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Hacking Technology

NSA Hoards Zero Days; Doesn’t Disclose Them all to Vendors

  • August 21, 2016
  • 2 min read
NSA Hoards Zero Days; Doesn’t Disclose Them all to Vendors

The NSA does not always disclose the zero day vulnerabilities it finds to unprotected vendors. Some security flaws are kept secret “when they can be used to serve a clear national security or law enforcement need” (Wired).

The US National Security Agency (NSA) was hacked by a suspected Russian hacker group and many of their exploits and hacking tools were archived. Leaked information was made public that showed the NSA collects exploits and does not always disclose them to vulnerable vendors. When vulnerabilities are not disclosed, problems do not get fixed. The NSA appears to operate “on the premise that secrets will never get out. That no one will ever discover the same bug. That no one will ever use the same bug. That there will never be a leak” (Business Insider).

Unfortunately, as we are currently witnessing with this recent leak, other types of hackers are able to find the same bugs and those hackers could have more malicious intent than the NSA. When hackers obtain a trove of U.S. secrets, that could put the government and corporations worldwide in a susceptible position. For example, the leaked data includes information on breaching popular commercial firewalls. Emergency service providers, governments, financial systems and many businesses all rely on these firewall technologies.

Global networking company, Cisco Systems, confirmed last week that the NSA exploited an undetected severe vulnerability that allows remote attackers “who have already gained a foothold in a targeted network to gain full control over a firewall” (Ars Technica). The NSA knew about this vulnerability since 2013 and did nothing to stop it. Now that the data is leaked, Cisco fears that the information “could be used to breach its Adaptive Security Appliance (ASA) software used in its firewalls. An exploit could allow the attacker to execute arbitrary code and obtain full control of the system or to cause a reload of the affected system”. It can be argued that these exploits would have been patched had the NSA disclosed the vulnerabilities instead of collecting them for their own use.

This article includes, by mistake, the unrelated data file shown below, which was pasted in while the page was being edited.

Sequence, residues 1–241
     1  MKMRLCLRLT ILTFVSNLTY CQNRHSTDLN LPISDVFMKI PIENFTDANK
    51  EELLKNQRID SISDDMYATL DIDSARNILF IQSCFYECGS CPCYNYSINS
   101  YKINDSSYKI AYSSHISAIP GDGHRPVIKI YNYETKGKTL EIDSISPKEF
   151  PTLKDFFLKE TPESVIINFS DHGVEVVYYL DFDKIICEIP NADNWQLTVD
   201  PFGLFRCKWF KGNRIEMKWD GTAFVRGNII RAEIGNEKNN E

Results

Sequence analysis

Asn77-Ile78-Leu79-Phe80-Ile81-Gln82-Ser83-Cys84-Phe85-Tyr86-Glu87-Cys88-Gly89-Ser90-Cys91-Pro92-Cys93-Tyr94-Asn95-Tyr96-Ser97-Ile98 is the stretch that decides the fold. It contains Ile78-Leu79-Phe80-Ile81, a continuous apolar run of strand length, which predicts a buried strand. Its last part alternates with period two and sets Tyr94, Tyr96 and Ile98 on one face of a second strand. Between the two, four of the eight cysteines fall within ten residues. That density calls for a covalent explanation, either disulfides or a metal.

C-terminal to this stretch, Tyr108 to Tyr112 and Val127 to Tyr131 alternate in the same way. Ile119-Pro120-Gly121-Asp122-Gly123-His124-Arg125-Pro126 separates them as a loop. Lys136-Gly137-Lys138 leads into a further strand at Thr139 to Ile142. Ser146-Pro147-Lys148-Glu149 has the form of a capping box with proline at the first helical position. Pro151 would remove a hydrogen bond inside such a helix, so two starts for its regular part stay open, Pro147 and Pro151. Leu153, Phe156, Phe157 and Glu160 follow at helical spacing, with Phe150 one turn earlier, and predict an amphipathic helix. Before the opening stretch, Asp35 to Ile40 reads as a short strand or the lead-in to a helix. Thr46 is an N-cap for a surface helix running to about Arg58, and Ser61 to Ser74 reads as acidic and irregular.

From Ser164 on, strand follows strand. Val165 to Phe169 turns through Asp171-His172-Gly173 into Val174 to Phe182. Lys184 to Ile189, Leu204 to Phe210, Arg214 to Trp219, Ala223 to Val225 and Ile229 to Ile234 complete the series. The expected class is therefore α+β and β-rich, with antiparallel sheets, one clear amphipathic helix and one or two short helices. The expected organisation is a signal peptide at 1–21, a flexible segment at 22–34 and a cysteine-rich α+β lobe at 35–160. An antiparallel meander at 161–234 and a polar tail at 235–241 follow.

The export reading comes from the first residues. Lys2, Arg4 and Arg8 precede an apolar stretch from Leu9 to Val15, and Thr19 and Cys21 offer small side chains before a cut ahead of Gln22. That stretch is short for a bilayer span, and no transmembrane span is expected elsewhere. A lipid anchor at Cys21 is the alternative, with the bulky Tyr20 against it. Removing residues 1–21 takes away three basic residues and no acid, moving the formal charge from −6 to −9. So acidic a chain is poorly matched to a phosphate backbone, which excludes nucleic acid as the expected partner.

(Watch – Snowden discusses NSA hack, Cisco to cut 5,500 jobs, NASA preps an asteroid rocket):

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1 Comment

  • NSA’s life would be a lot harder if we all were to use differential-tools.
    If for a specific function 3 algorithm instances are written, their outputs could differ and a protocol filter and data comparison knows exactly which one contains a bug.

    Once such a feature exists, it could be extended to virtually 100 simultaneous choices from various versions or distributors, depending on available CPU power. At least it would detect the error and report it automatically.
    Comparing the implementation from different vendors for all value-ranges for a single function serves bug-fixing and increases trust into a specific vendor. It also discourages abuse of power.

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